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What to do if the flood comes to your house

July 3, 2010

insurance

As parts of the UK languish underwater, devastated by the recent floods, many homes and businesses are finding themselves in the difficult position of not knowing whether they will be covered by their insurance policies.

According to recent advice from the insurance industry, those who have been affected by the floods should contact their contents and building insurer as soon as possible.

Jane Milne, the ABI’s Head of Property, said:

These events highlight just how important insurance protection is. If you have been affected by flooding, contact your insurance company. Their priority is to deal with all claims as quickly as possible.”

Following a deal between the government and the insurance industry back in 2008, the insurers agreed to continue to insure homes at risk of flood, as long as the government would increase its spending on flood defences. While last year there was an apparent £15m shortfall in spending, the government has claimed that this was simply a one-off. Despite the Governments assurances this shortfall has made some insurers a bit wary, and may potentially lead to future increases in premiums, difficulties changing providers, and problems for those wanting to take out new flood insurance policies where flooding has occurred in the past.

The news for current victims of the floods is however looking fairly positive, with the current official advice from the Association of British Insurers indicating that:

• Household and business insurance policies will cover flood damage. People affected should contact their insurer as soon as possible. Most offer 24-hour emergency helpline services to arrange for repairs to be carried out.

• Most policies will cover the cost of alternative accommodation (up to a specified limit) if you need to move out of your home while it is being repaired.

• Comprehensive motor insurance will cover damage caused to vehicles

They also state as part of the advice on their site that:

• If necessary arrange for temporary repairs to be carried out to stop any damage getting worse. Keep receipts, as these will be needed for your insurance claim.

• Do not use electricity or water supplies until the all clear is given.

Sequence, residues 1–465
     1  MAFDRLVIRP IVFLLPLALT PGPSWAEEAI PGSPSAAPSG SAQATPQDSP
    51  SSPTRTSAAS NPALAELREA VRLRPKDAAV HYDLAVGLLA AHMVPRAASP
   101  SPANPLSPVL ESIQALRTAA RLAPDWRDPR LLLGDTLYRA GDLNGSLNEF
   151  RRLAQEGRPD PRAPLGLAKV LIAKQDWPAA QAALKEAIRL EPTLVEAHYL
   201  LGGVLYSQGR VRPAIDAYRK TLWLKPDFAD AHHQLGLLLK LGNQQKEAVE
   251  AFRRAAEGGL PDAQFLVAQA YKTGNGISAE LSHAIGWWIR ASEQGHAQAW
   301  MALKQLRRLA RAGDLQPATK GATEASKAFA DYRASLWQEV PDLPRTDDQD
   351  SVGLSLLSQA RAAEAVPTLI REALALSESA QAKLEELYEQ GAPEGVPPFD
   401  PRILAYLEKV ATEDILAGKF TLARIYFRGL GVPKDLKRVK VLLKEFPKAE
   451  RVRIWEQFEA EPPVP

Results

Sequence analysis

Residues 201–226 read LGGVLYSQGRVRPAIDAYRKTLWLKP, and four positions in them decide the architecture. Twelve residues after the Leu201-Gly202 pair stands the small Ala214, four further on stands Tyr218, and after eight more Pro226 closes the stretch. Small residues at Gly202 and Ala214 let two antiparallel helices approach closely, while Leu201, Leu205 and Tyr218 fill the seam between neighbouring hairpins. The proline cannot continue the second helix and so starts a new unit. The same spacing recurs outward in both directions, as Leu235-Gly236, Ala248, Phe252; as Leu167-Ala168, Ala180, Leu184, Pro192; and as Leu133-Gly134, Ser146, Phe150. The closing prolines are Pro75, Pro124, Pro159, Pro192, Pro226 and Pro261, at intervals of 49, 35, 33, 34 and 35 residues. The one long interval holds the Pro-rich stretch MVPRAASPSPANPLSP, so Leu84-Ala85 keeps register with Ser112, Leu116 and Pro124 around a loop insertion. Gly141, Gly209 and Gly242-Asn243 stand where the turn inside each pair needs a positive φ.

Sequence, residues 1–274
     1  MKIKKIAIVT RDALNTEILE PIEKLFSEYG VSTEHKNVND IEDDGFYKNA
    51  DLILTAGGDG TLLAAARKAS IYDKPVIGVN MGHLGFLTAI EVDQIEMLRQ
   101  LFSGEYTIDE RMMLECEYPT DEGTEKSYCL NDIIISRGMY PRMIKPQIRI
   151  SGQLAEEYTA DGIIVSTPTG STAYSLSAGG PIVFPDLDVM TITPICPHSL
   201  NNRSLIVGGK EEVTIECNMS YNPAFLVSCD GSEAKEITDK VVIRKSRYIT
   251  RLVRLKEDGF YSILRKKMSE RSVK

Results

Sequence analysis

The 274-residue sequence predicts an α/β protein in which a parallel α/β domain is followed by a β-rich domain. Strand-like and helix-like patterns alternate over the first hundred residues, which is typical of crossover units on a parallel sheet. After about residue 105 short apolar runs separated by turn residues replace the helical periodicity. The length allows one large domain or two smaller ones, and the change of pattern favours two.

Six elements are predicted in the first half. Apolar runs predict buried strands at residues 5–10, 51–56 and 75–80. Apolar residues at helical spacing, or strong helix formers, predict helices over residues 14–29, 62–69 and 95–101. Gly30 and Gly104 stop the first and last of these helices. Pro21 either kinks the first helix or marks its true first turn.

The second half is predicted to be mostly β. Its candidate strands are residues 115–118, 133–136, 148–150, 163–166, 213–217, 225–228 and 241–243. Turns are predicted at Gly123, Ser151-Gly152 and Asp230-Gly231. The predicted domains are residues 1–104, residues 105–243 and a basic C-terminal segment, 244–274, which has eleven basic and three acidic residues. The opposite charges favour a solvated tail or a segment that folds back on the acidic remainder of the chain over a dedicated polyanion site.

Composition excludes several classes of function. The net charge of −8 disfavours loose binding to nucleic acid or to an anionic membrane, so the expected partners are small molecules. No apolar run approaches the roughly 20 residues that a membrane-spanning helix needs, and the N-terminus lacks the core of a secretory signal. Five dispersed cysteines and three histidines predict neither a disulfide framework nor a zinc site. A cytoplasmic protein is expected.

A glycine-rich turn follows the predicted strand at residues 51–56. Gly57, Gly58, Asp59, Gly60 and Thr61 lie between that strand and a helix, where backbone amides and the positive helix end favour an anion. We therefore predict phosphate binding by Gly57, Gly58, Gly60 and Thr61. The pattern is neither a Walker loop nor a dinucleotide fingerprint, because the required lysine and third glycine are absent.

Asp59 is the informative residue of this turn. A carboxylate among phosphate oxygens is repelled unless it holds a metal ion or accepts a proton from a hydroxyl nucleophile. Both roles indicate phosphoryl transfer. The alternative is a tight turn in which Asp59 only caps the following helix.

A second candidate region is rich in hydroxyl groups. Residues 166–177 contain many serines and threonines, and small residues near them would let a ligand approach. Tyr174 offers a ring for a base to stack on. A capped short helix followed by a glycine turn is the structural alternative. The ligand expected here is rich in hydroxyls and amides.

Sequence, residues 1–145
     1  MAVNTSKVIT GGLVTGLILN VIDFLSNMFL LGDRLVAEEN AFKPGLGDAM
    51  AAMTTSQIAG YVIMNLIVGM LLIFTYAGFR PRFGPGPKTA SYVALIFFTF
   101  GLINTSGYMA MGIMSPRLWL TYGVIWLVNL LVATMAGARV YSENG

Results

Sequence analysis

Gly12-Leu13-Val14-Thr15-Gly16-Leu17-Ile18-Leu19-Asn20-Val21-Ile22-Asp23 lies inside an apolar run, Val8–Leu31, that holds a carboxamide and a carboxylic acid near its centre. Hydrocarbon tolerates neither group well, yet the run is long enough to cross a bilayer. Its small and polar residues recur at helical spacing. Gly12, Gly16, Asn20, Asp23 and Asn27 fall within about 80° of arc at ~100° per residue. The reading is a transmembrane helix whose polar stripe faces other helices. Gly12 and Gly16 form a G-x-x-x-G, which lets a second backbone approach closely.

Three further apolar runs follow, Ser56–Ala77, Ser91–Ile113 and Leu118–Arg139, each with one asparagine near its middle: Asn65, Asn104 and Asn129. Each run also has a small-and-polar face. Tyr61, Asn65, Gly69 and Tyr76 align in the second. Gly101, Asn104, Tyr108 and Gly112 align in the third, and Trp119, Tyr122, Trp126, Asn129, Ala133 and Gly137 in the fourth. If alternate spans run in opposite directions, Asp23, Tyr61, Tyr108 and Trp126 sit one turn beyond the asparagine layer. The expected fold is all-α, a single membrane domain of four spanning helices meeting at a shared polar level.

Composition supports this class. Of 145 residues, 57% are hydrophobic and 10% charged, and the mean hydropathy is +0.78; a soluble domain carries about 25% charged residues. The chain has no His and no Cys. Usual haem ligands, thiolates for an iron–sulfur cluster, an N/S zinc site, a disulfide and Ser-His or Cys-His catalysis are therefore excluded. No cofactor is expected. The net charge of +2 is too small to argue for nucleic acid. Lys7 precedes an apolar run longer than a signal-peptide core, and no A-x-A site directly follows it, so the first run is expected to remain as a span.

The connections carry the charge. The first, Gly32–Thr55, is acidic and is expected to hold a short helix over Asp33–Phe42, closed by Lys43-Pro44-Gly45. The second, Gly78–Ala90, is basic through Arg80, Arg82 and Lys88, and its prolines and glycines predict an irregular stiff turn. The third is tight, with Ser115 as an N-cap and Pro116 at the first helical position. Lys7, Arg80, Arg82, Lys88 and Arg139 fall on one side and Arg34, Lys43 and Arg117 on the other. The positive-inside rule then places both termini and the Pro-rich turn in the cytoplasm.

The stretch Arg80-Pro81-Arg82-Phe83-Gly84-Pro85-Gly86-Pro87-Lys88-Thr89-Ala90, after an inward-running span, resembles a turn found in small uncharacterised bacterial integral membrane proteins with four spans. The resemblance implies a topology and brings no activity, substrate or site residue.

• Where there has been flooding, disinfect floors and furnishings. Where practical, leave doors, windows and cupboards open. If possible, keep rooms heated.

• Do not rush to redecorate, as it may take some weeks for the property to fully dry out.

The BBC also advises that:

As insurers will expect you to take reasonable steps to protect your property, homeowners should, wherever possible, take easily moveable objects upstairs and use sandbags to hold back the water.

For the sake of safety, make sure the electrical supply is switched off at the mains and equipment unplugged.

Once the waters have receded, homeowners can take up carpets, but these, like all other damaged items, must be retained so that the insurance company loss adjuster can see them and verify the claim.

Many businesses have business interruption cover, which will help to pay the cost of alternative accommodation should it be required.

It should be noted that when a major flood event such as this takes place it can take months for insurers to pay out, so claimants may need to be patient.

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  • Sam

    Yo the Money Lion!As a financial guru I was wondering whether you could answer a query about bling bling.What’s the difference between “stocks” and “shares”?cheers the Money Lion, you are my favourite dinosaur.

  • the Money Lion

    Hi SamThanks for the query. RoarIn todays world, there is effectively very little difference between the two terms, and they have become interchangeable to refer to the certificates that denote part ownership of a particular company.RoarStock is a generic term for a portion of the ownership of a company.Shares indicate the number of portions of ownership of a particular company.e.g. a shareowner can have 50 shares of Dino Sauce PLC stock. In this example you can see that the shares refer to the amount of ownership of a particular company’s stock. If an investor owns stocks however, this technically means they have shares in multiple companies.At the end of the day in financial terms there is little difference, and the distinction is usually ignored.If you are talking culinary terms however a stock makes a nice soup, and I would like a a huge share of cherry pie, if you’ve got some, as I think those roars earlier were actually my stomach.

  • Bunc

    Thats a really useful post on the flooding issue